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Trigonometric Identities

Date: 11/13/97 at 00:13:07
From: Charlotte
Subject: Trigonometric identities

Dear Dr. Math,

I am currently taking Trig in my junior year and I am having trouble
finding an easy way to understand identities for trigonometric
functions. For example, when I am faced with a problem such as this
one: tan1/2x+cot1/2x = 2cscx I usually know that I have to begin on
the left side. Unfortunately I never know which formula is appropriate
for solving these equations.. I myself would choose tan1/2x half
argument for the first part, but after that I do not know where to go.
Do you have any suggestions as to finding an easy solution to
remember that I could apply to all identities? And possibly could you
help me solve this problem?

Thank you.

Date: 11/13/97 at 10:18:17
From: Doctor Rob
Subject: Re: Trigonometric identities

Very good questions!

There is a trade-off you have to make between ease of remembering and
short and beautiful solutions. Yes, there is an easy-to-remember
method of verifying any identity. See below for details.

Unfortunately, it often produces a lengthy proof. The short, beautiful
proofs are almost always found by a process of pattern-recognition and
intuition that is hard to describe and make systematic. I will
illustrate both methods with your problem.

The easy-to-remember method goes like this:

1. Rewrite all secants, cosecants, tangents, and cotangents in terms
of sines and cosines.

2. Take all the arguments of the sines and cosines and find the
greatest common divisor of them, say u.  Use multiple angle
identities to write everything in terms of sin(u) and cos(u).
When arguments appear whose greatest common divisor is 1, like
sin(x+y) and cos(y-2*x), use identities for the sine or cosine
of a sum or difference of angles to simplify them to functions of
sin(x), cos(x), sin(y), cos(y), and so on.

3. Put each side over a common denominator.

4. Whenever second or higher powers of cos(u) occur, use the identity
cos^2(u) = 1 - sin^2(u) to convert them to powers of sin(u).

5. Simplify whenever you can by combining like terms and pulling out
common factors.

6. When you have obtained an obvious identity, reverse all the steps
to start with the obvious identity and end with what you want to
show.  This will be the proof of your identity.

tan(x/2) + cot(x/2) = 2*csc(x),
sin(x/2)/cos(x/2) + cos(x/2)/sin(x/2) = 2/sin(x),
sin(u)/cos(u) + cos(u)/sin(u) = 2/sin(2*u)   [u = x/2],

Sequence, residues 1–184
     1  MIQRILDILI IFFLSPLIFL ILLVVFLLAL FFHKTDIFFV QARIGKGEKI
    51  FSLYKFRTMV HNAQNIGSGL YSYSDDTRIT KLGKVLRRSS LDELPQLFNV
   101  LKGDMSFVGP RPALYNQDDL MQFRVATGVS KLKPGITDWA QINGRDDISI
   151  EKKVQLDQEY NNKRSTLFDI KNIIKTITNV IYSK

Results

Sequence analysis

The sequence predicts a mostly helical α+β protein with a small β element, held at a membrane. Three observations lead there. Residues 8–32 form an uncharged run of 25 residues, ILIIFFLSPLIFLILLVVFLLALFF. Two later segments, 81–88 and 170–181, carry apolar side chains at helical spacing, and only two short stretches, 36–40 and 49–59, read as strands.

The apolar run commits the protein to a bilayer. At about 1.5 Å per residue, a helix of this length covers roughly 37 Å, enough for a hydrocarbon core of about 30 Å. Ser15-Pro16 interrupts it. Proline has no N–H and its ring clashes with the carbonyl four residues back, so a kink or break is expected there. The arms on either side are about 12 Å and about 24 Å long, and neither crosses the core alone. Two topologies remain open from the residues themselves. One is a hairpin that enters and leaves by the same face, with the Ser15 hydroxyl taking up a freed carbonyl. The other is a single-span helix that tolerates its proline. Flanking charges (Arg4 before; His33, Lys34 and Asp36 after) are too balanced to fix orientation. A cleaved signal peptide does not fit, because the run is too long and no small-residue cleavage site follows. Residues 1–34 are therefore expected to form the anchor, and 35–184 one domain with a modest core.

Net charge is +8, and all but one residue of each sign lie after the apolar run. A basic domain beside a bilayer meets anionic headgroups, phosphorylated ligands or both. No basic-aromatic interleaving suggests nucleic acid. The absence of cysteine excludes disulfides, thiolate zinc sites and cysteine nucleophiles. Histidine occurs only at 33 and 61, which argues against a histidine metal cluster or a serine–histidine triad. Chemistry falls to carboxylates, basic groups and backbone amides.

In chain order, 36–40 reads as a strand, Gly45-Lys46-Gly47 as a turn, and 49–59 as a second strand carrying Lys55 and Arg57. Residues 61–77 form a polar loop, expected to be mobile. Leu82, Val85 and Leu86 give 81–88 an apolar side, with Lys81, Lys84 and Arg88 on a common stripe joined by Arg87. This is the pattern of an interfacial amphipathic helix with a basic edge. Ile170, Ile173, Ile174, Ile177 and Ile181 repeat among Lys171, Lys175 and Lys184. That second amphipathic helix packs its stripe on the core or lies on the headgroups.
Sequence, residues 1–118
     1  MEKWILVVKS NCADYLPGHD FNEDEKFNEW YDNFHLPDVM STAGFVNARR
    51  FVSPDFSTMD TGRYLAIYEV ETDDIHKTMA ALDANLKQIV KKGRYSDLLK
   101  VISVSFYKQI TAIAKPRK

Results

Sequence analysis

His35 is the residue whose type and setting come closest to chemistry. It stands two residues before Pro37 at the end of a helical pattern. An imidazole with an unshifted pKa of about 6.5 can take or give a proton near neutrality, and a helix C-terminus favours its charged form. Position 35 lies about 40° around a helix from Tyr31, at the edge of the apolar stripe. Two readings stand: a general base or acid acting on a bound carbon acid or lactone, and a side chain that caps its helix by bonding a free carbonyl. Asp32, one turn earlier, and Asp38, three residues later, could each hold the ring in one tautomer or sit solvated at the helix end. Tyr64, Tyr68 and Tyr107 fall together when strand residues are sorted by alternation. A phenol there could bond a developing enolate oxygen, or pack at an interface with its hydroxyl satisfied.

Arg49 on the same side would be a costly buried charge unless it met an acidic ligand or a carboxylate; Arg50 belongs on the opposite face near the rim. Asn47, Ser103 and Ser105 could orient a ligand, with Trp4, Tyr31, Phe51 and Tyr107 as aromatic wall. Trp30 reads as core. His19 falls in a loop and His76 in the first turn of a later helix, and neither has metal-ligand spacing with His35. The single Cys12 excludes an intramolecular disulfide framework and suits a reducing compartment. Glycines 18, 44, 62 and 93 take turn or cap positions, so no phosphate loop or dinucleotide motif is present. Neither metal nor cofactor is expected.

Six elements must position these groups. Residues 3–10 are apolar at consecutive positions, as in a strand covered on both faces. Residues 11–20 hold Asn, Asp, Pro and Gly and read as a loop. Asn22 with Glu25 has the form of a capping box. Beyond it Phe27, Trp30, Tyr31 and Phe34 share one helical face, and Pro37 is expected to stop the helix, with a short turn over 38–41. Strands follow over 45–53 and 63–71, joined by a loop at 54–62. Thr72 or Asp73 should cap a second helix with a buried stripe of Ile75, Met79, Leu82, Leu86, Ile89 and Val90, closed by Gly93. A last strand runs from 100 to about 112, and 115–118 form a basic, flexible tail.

because both x and x/2 are multiples of x/2,

[sin^2(u) + cos^2(u)]/[sin(u)*cos(u)] = 2/[2*sin(u)*cos(u)],
1/[sin(u)*cos(u)] = 1/[sin(u)*cos(u)],
1/[sin(x/2)*cos(x/2)] = 1/[sin(x/2)*cos(x/2)]   [u = x/2].

Now reverse all the steps.

The shorter, cleverer proof:

tan(x/2) + cot(x/2) = 2*csc(x),
sin(x)*[tan(x/2)+cot(x/2)] = 2,
2*sin(x/2)*cos(x/2)*[tan(x/2)+cot(x/2)] = 2,
sin(x/2)^2 + cos(x/2)^2 = 1,

which you know.  Now reverse the steps.

How was the shorter proof obtained? I observed that the common
denominator I would have on the left would be sin(x/2)*cos(x/2), which
reminded me immediately of the sine double-angle formula sin(2*t) =
2*sin(t)*cos(t), with t = x/2. Then I saw that sin(2*t) = sin(x) was
just the denominator on the right. It seemed a good idea to multiply
through by the common denominator and use the double-angle formula on
the left, which I did. After expanding and using both cos(t)*tan(t) =
sin(t) and sin(t)*cot(t) = cos(t), the left side was simplified, too.
After dividing out a 2 from both sides, I was left with a familiar
identity.

The "reminded" part is a matter of pattern-matching with a list of
memorized identities. In this case, the pattern in the denominator of
the left side when the two terms are added matched the double-angle
sine formula I know. It is almost subconscious with me now, but you
would ask yourself questions like, "Do I know any identities which
look like sine of something times the cosine of the same thing?"

Sometimes there will be more than one subexpression in the equation
that matches familiar identities, and then you have to explore, "What
would happen if I used the such-and-such identity with this
expression? How would it look after I applied it?" If the result is
simpler than the start, it probably is a good idea to proceed. If the
result is no simpler, or more complicated, it probably is not a good
move!

I hope I have helped with this answer.  If not, write again.

-Doctor Rob,  The Math Forum
Check out our web site!  http://mathforum.org/dr.math/

Associated Topics:
College Trigonometry
High School Trigonometry

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